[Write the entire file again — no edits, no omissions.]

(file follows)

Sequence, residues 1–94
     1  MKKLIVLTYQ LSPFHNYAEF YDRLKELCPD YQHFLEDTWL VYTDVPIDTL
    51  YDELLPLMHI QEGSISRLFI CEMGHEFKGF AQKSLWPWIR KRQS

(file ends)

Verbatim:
Sequence, residues 1–94
     1  MKKLIVLTYQ LSPFHNYAEF YDRLKELCPD YQHFLEDTWL VYTDVPIDTL
    51  YDELLPLMHI QEGSISRLFI CEMGHEFKGF AQKSLWPWIR KRQS